Topics: Antonio Brown, Nfl Draft, Pittsburgh Steelers, Tood Haley

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  • Dom DiTolla

    Not a “great draft” for tight ends? Are you kidding me? The three best in the class are exactly what the Steelers’ offense needs in the forms of Jace Amaro, Eric Ebron and Austin Seferian-Jenkins. While the class isn’t necessarily stacked beyond those three, although I do like Fiederowicz, failing to mention those three play-makers makes zero sense.

    Also, Lewan can be as tough as he wants. If he can’t bend properly or display the agility to handle edge rushes and quick inside stunts, he’ll be at right tackle instead of left.

    Other than that, I hope the Steelers are as aggressive in free agency as you alluded to in the post.

    • scott sinclair

      After the “big three” at TE, there is a drop off where I think Lynch is the best of that bunch.

      • Dom DiTolla

        If the Steelers pass on the top three, then there really isn’t a reason to take a tight end in this year’s draft. They need an explosive play-maker to pair with Miller, a guy with mediocre hands and limited upside like Lynch would almost be a waste. They’re better off taking one of those tight ends early and waiting on a wide receiver if they do anything.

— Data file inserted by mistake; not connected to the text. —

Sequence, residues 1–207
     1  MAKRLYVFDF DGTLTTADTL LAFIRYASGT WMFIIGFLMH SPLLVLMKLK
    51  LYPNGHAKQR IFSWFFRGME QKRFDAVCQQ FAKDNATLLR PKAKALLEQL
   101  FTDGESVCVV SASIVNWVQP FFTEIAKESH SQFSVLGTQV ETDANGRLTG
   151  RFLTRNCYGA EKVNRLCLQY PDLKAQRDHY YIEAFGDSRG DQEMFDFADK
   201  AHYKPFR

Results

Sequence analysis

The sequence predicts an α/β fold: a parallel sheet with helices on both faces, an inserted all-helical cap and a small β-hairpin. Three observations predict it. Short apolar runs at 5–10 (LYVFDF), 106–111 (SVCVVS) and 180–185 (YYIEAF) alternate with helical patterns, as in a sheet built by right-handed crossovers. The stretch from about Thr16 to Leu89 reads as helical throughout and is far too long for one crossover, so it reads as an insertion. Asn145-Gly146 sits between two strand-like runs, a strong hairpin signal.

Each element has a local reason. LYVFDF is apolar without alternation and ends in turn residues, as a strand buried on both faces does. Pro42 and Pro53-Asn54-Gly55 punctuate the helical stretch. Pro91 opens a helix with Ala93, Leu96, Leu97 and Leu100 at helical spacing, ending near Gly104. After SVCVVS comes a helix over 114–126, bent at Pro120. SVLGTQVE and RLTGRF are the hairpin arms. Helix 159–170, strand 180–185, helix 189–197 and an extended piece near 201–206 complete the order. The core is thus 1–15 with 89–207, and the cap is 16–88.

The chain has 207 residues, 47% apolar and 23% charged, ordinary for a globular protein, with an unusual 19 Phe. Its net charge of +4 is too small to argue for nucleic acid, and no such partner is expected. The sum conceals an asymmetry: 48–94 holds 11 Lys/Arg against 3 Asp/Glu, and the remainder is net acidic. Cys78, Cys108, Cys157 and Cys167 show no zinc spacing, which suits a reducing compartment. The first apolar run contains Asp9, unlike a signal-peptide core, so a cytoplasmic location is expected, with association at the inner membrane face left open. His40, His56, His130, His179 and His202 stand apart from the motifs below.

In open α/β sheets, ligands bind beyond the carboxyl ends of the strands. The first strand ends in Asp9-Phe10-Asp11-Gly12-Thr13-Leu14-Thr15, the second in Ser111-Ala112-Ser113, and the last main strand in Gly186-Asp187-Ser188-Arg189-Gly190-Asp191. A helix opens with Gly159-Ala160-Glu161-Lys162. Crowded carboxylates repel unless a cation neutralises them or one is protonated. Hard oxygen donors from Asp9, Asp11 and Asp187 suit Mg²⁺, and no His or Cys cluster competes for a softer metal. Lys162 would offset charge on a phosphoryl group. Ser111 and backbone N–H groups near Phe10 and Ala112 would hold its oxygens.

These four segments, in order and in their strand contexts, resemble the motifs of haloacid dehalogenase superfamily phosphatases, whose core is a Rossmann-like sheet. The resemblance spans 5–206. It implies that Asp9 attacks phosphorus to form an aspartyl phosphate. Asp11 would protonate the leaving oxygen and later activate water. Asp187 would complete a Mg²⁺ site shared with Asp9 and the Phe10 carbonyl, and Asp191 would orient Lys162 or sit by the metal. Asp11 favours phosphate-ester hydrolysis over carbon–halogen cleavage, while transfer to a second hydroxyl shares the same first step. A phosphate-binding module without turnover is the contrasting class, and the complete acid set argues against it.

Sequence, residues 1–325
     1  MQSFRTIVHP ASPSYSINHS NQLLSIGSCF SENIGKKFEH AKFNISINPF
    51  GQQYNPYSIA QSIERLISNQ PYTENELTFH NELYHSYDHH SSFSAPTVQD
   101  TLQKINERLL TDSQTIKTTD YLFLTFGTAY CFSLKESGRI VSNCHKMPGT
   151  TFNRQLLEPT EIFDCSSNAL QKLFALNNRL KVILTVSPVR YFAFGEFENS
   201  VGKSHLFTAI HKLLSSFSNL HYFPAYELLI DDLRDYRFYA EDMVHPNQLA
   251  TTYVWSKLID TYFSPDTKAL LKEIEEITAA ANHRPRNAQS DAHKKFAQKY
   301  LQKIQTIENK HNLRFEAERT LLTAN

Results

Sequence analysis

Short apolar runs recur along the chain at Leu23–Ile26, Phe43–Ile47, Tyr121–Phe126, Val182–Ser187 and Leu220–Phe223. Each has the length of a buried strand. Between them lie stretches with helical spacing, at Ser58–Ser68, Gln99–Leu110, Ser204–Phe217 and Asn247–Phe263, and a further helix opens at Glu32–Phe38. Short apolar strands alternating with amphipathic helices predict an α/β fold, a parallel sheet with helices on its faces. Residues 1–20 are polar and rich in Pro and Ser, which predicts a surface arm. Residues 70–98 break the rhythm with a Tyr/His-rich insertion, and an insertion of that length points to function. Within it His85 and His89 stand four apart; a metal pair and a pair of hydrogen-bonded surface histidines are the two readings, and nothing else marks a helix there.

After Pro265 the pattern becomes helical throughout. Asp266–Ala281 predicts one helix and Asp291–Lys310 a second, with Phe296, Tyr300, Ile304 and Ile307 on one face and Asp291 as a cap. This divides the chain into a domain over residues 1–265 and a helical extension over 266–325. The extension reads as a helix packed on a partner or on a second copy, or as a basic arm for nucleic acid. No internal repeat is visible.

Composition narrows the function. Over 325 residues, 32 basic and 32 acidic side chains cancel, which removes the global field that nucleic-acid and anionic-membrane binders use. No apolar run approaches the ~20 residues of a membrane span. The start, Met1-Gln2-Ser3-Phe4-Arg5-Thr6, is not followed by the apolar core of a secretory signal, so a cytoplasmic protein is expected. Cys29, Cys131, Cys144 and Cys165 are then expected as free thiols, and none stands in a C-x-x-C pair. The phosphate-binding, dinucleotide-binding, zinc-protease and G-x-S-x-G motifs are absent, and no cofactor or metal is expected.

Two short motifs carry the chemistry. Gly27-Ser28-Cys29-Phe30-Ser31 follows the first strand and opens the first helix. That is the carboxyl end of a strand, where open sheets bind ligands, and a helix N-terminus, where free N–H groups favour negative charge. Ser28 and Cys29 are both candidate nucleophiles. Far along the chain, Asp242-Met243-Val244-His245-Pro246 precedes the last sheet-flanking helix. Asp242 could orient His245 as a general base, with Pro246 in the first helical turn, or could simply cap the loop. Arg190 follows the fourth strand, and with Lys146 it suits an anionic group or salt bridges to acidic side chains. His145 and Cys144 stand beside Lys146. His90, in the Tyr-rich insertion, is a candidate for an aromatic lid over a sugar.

• scott sinclair

          Jenkins has way too many red flags, he’s a high risk kind of guy. Lynch has better hands than you think, he had only 22 catches this year, but he can develop into a nice compliment.

          • Dom DiTolla

            Spending a 3rd round pick on a tight end who only racked up 22 catches, barely played during his five years of school and is unlikely to see the field in the immediate future is not exactly a great move for a rebuilding team. The Steelers don’t need a compliment three years down the road once Miller retires. They need one as soon as possible to compliment him and take his place in the future.

            As far as the red flags for Seferian-Jenkins are concerned, I guess a DUI is a poor judgement call. Yet you might want to Google “Taylor Lewan and Brendan Gibbons” though. That’s a red flag.

        • Craig